[ 18:15 sunday 26 march 2017 – old ford lock ]
late last night elaine came round. we watched a 1970s documentary about the inhabitants of the (now demolished) tower blocks of hackney wick’s trowbridge estate then chatted about life and love. we both had things to do on sunday so around four in the morning we decided to call it a day. i accompanied elaine downstairs to see her off. as we reached the front door i observed a slight rhythmic vibration in the walls. somewhere nearby an unusually powerful sound system was playing. i suggested we should go and hunt it down. elaine concurred. i donned shoes and a jacket, turned off the lights. we went outside and locked the door.
coming out of the gate onto the dark towpath the sky was clear and, in the absence of street lamps, populated with more stars than the usual meagre london ration. the surface of the canal was inky smooth and black in the windless night. a swan grunted from its nest in the centre of the lock, protesting our disturbance of its sleep. straining our ears we followed the faint rhythmic sound of bass. we crossed the footbridge over the lock and proceeded down dace road. walking past the edwardian red-brick stables on the left and the construction hoardings on the right. there wasn’t anyone around. i was about to turn up bream street but elaine suggested the sound was coming from further down so we continued to smeed road. the bass increased in intensity. half a dozen people were huddled on the street outside one of the warehouses. elaine said “let’s see what the door charge is”. we approached and found the door open. we walked in.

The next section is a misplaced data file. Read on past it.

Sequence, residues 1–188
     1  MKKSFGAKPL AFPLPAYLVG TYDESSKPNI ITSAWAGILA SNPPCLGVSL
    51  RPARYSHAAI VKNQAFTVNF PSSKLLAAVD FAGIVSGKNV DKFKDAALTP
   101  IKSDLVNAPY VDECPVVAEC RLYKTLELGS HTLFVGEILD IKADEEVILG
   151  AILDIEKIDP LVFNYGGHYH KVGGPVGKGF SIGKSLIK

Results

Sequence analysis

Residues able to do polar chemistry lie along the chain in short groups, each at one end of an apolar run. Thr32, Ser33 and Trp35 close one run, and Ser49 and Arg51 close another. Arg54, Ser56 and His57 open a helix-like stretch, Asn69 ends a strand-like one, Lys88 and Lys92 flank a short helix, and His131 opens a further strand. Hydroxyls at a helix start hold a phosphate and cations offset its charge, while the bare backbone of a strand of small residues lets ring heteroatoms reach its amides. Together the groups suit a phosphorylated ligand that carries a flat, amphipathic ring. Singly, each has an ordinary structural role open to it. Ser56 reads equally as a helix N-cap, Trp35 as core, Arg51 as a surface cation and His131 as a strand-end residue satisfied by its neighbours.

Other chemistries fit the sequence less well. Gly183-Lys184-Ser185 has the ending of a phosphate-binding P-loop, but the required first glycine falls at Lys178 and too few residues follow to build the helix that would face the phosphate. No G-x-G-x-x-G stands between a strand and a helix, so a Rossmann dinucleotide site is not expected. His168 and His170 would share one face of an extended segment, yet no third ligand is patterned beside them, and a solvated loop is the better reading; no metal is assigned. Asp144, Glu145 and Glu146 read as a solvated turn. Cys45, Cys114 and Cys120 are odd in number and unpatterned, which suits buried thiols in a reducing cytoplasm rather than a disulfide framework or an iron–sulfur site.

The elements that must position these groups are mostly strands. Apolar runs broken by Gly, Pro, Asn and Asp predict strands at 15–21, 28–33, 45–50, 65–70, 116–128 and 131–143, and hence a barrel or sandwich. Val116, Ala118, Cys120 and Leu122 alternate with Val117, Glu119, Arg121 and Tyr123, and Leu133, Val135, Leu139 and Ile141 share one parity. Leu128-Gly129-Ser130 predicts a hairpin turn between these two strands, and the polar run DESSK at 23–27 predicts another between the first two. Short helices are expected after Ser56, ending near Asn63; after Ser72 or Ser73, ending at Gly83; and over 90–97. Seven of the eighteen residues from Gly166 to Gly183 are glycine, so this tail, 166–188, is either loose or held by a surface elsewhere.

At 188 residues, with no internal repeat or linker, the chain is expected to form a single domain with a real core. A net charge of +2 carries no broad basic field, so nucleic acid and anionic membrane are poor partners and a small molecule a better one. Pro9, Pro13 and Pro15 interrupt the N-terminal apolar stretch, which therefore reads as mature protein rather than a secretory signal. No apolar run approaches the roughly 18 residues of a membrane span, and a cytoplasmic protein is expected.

over the years i’ve visited a lot of the warehouses in hackney wick but never this one. the pattern was familiar; a two-storey brick structure with a pitched roof of corrugated asbestos, the interior subdivided with stud and plywood to create a large open living space, kitchen, bathroom and several bedrooms. at first floor level a dozen bicycles were mounted on a rack. decorative gewgaws were displayed on the walls and floor. the kitchen area had been turned into a makeshift DJ booth with decks, a mixer and a tangle of electronics. a video projector played abstract images across the side wall. a laser scanned patterns like an oscilloscope. speakers were stacked two metres high in the corners opposite the DJ booth , explaining the vibrations we’d felt from the house. a hundred or so people were in there, ranging in age from twenty to forty .
elaine and i started to dance, weaving through the crowd until we found a welcoming space. after a few minutes we realised the music wasn’t being played from a recording, it was being generated by a curly-haired man working a suitcase-sized modular synthesiser with a mass of dials and patch cables. we kept trying to leave but it was too intoxicating. we stayed and danced until our limbs could dance no more.
experiences like this are what make me feel alive in london. the event itself was beautiful. there might only be half a dozen places in the world where one could encounter a live performance with a modular synthesiser like this. but the fact we walked out of the house and discovered it through pure serendipity is what makes it truly transcendent.
ten years ago it might have been commonplace to encounter something like this in hackney wick. but every month that passes brings the demolition of another warehouse to make way for a bland apartment block. nowadays each time i stumble across an event of this kind it requires an effort of will to appreciate its beauty straightforwardly without allowing myself to feel a sense of impending loss.
: c :